Anthony Ayers examined the interior of a vacant house that had been broken into and whose floor was now littered with trash, cigarette butts and beer cans. Despite the vandalized backdrop, Ayers, the Capitol Heights police chief, said he still has hopes for the property.
“We’re trying to get investors to buy the abandoned houses,” Ayers said. “Or if they’re too run down, we can work with the county to get them demolished.”
The house visit was one of six on Dec. 20 by Capitol Heights and Seat Pleasant police and other Prince George’s County agencies to “problem houses” as part of the Capitol Heights Police Department’s Joint Agency Group, or JAG, program.
The initiative, started by the Capitol Heights department in October 2011, brings resources from various county agencies, like the Department of Environmental Resources and the Department of Social Services, and law enforcement to provide services to residents and to ensure swift compliance in the face of any violations.
Ayers said that having police and civilian county agencies come together on visits is more efficient and safer for everyone.
“People open the door for the police, because they don’t know what it’s about,” said Ayers, who added he has used similar interagency tactics since 2004 when he was a community oriented officer with the Prince George’s County police department. “Whereas they might not open the door [for] social services or DER.”
Ayers said JAG visits also set up a framework and written agreement for property owners to enter compliance. Since Ayers started the program as assistant chief, he said the department has visited around 120 houses, and as of Jan. 8, all but two have remained in compliance.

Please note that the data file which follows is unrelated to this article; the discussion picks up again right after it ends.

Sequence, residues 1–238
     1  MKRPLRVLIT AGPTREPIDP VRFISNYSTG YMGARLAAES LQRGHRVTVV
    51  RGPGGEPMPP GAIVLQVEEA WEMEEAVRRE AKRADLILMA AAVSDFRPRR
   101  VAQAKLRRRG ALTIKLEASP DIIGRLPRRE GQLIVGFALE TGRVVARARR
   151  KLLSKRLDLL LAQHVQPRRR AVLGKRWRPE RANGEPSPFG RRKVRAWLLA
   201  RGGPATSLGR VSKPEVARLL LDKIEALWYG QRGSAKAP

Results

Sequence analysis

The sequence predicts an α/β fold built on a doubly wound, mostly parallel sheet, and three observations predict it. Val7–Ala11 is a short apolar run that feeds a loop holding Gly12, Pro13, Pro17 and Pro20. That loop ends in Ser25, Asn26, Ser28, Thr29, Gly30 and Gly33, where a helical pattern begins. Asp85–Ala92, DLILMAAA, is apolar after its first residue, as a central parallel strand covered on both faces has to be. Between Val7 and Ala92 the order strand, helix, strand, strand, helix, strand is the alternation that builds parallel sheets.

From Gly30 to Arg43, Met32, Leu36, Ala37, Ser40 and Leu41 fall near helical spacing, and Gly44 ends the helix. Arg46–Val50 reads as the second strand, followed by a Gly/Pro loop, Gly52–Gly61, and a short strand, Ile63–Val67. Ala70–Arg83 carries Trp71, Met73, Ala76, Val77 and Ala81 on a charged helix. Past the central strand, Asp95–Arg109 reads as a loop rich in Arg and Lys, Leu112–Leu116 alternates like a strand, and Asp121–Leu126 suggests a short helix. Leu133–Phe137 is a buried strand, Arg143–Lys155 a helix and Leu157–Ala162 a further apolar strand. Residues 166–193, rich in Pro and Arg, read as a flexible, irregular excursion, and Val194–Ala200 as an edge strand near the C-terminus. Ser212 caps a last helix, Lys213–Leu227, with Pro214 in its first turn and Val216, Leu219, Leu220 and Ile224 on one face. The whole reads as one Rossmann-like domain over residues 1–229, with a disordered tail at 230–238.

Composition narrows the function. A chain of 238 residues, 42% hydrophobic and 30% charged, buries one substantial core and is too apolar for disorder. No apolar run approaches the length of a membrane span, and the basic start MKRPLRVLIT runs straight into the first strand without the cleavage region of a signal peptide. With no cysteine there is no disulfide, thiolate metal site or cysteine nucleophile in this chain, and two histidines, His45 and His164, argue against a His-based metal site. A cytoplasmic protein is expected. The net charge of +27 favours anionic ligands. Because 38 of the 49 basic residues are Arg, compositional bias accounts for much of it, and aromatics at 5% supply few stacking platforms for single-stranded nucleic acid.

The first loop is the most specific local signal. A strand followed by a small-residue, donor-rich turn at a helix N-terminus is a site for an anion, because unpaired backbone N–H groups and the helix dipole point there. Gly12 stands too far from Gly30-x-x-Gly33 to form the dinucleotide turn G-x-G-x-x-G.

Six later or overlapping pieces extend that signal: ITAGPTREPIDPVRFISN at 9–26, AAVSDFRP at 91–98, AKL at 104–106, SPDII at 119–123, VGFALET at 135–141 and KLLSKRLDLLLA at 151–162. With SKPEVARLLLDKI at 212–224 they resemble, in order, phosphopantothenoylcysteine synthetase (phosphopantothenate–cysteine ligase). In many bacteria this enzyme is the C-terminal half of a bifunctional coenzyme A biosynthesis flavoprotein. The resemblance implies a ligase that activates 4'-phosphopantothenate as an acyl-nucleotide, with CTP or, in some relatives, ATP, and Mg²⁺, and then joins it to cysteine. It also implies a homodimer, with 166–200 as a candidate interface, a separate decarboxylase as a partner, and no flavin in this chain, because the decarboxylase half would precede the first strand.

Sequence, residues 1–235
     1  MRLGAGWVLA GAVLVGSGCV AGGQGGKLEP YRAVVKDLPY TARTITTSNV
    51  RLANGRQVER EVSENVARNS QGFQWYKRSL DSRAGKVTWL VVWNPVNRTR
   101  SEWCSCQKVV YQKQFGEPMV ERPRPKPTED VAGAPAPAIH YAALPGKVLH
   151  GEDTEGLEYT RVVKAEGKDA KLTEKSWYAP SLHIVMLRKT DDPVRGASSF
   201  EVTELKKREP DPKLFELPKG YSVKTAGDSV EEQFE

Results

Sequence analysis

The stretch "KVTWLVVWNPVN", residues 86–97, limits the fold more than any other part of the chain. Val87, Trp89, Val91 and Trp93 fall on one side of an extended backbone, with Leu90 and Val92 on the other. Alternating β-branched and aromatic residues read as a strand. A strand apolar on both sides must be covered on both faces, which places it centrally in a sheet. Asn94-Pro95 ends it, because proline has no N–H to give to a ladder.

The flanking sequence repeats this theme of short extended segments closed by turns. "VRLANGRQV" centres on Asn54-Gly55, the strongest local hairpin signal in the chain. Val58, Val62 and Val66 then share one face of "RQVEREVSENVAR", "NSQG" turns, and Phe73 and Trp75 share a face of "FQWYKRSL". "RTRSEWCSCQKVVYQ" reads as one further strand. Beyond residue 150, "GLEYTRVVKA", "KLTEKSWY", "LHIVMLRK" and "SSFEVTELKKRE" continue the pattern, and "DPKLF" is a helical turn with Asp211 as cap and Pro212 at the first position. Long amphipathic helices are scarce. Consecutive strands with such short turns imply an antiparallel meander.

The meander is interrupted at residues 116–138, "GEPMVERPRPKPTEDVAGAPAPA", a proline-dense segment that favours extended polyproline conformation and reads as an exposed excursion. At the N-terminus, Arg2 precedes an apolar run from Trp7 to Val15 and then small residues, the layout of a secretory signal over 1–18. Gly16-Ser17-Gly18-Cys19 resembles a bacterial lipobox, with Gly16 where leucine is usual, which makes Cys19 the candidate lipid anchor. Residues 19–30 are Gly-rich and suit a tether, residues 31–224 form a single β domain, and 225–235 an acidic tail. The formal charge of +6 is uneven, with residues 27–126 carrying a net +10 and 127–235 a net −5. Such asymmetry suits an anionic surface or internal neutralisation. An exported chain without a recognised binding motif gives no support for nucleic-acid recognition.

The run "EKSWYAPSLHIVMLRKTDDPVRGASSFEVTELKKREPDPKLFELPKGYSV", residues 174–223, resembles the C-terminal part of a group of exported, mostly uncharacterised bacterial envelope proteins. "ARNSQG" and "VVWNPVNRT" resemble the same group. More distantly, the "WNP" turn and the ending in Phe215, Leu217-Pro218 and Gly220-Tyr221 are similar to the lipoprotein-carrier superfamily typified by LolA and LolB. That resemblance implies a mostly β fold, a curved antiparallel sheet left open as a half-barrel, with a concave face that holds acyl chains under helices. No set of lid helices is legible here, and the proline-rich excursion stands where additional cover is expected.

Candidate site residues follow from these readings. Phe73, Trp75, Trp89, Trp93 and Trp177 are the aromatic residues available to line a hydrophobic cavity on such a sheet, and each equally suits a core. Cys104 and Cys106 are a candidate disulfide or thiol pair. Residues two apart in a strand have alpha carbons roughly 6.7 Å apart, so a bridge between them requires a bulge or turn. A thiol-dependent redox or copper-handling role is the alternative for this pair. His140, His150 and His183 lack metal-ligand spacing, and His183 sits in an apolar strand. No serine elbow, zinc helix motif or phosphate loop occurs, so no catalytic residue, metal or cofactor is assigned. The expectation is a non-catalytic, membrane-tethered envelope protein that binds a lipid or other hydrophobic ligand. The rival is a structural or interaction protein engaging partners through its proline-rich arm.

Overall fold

Danielle Long, a case associate with the county Department of Social Services’ family preservation bureau, said it’s easier for agencies to work together when they are on the same calls. “[Having the police with us] allows us to do our job effectively,” Long said. “We can show it’s really about improving the quality of life. By having various agencies, we can show it’s not just about locking people up, but saying, ‘How can we help?’”
William Maxwell, community organizer for the Greater Capitol Heights Neighborhood Watch Association, said he has been pleased with the effectiveness of the JAG program since its implementation.
“I especially like the way they work with other agencies and jurisdictions trying to help each other,” Maxwell said. “It shows that they are acting on [the community’s reports] and doing it quickly.”
Barry Wade, a housing inspector at DER, said the unified effort helps communication.
“This way, we can talk in real time, instead of having to go through various email chains,” Wade said.
Ayers said the initiative sometimes simply clears up misunderstandings among neighbors. At another Capitol Heights house, Ayers spoke to an elderly man Dec. 20 after receiving multiple complaints about congregating in front of his house.
“It turns out he and his relatives are from the South, where the custom is to entertain company out on the front porch,” Ayers said. “So I just had to encourage them to use the back lawn from now on. Some times you just have to help people deal with their fears.”